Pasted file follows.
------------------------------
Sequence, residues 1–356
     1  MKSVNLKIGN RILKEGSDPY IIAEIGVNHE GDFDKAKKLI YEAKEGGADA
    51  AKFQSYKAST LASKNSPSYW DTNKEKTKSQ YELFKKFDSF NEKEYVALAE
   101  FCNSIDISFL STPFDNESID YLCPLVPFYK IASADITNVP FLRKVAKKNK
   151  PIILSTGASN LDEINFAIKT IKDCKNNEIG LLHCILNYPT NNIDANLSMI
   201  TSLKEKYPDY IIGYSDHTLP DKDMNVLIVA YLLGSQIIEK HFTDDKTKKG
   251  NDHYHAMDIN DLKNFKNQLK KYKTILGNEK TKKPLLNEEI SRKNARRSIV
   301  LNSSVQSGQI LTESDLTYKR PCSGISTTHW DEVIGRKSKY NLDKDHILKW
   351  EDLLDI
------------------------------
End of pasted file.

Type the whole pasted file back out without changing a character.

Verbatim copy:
Sequence, residues 1–356
     1  MKSVNLKIGN RILKEGSDPY IIAEIGVNHE GDFDKAKKLI YEAKEGGADA
    51  AKFQSYKAST LASKNSPSYW DTNKEKTKSQ YELFKKFDSF NEKEYVALAE
   101  FCNSIDISFL STPFDNESID YLCPLVPFYK IASADITNVP FLRKVAKKNK
   151  PIILSTGASN LDEINFAIKT IKDCKNNEIG LLHCILNYPT NNIDANLSMI
   201  TSLKEKYPDY IIGYSDHTLP DKDMNVLIVA YLLGSQIIEK HFTDDKTKKG
   251  NDHYHAMDIN DLKNFKNQLK KYKTILGNEK TKKPLLNEEI SRKNARRSIV
   301  LNSSVQSGQI LTESDLTYKR PCSGISTTHW DEVIGRKSKY NLDKDHILKW
   351  EDLLDI